Field Journal #2 – Presidio

Location: 160 ft above sea level  |  37.798, -122.480  |  Presidio and Batteries to Bluffs Trail, North San Francisco

The hike began at Immigrant Point, a vista of the area with the view shown above. A coastal chaparral found in the northern edges of San Francisco. Many small trails are found throughout with major highways cutting through the area. Was previously military owned space with heavy non-native species introductions but now reclaimed and aided by restoration services for native species introductions. A few native species are described here:



Ceanothus thyrsiflorus | Blueblossom

Habit: Shrub to subshrub
Leaf: Alternate, simple, slightly denticulate, pinnate/reticulate venation with tertiary venation, apical buds, acutely obtuse, elliptical, glaborous, slightly revolute
Repro: True inflorescence, panicle, diecious, urn shape blooms to 2-lipped like corollas, raceme, apical buds
Location: Immediately off the path, grew by the open areas in sunlight

Solanum douglasii | White Nightshade

Habit: Herbaceous, low to ground, weed like
Leaf: Oblique, entire, simple, pinnate venation, glaborous, alternate, semi-lobed and crenate
Repro: Fused calyx/corolla structure with 5 stepal points, reflexed, anther covers ovary,
Location: On path steps, in part shade, hit by heavy sun, cluster and compact

Rubus ursinus | California blackberry

Habit: Shrub to subshrub, thorns, low to ground
Leaf: Palmately compound, dentate to denticulate, spotted and unspotted, pinnate venation with tertiary venation, alternate
Repro: 5 petals, many stamen, apex buds, diecious
Location: Immediately off the path, in plain sunlight, heavy sunlight, compact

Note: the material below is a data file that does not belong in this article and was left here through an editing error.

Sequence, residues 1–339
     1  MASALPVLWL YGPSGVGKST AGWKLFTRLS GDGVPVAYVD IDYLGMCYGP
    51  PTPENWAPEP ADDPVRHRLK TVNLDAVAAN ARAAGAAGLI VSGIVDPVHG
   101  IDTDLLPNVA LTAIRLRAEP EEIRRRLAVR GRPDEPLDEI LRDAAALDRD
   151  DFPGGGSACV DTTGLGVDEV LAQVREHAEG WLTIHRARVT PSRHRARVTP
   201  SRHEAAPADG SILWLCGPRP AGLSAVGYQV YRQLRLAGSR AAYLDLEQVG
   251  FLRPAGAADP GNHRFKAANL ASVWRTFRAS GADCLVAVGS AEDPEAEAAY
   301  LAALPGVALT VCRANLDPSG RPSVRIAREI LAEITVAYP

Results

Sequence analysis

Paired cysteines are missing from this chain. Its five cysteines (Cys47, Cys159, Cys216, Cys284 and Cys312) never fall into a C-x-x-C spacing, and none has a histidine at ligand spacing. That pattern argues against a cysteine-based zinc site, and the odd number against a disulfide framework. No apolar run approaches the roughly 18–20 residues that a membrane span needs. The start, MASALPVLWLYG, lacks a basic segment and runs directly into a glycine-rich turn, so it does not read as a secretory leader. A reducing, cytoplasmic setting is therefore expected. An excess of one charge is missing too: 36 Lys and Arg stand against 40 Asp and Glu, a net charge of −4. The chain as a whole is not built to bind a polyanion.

Our hike was down a trail towards the beach and the back up steps place for tourism. Along the way we crossed a street which can serve as an isolating barrier for various species but volunteers were seen to be preferentially planting native species in several areas. We made a number of off trail observations and treks to get a better feel for the area and even enjoyed a bit of time right at the edge of the water. The day was warm and sunny with a mild breeze. We arrived around 1:15 pm latest and left around 4 pm. Coastal chaparrals seem quite similar to common Southern California chaparrals in terms of floral morphologies but with a lot more green plants. Still they seem to remain close to the ground and have simple medium sized leaves which makes sense for the environment. Species are growing in the typical California rock outcropping soils which are harsh and are therefore specialized for slow resilient growth.

Take Turk St to 4th Ave
Head west on Turk St toward Beaumont Ave
Continue onto Balboa St
Continue on 4th Ave. Take Lake St to Washington Blvd
Turn right onto 4th Ave
Turn left onto Lake St
Turn right onto 14th Ave
14th Ave turns left and becomes Wedemeyer St
Continue onto Battery Caulfield Rd
Turn left onto Washington Blvd

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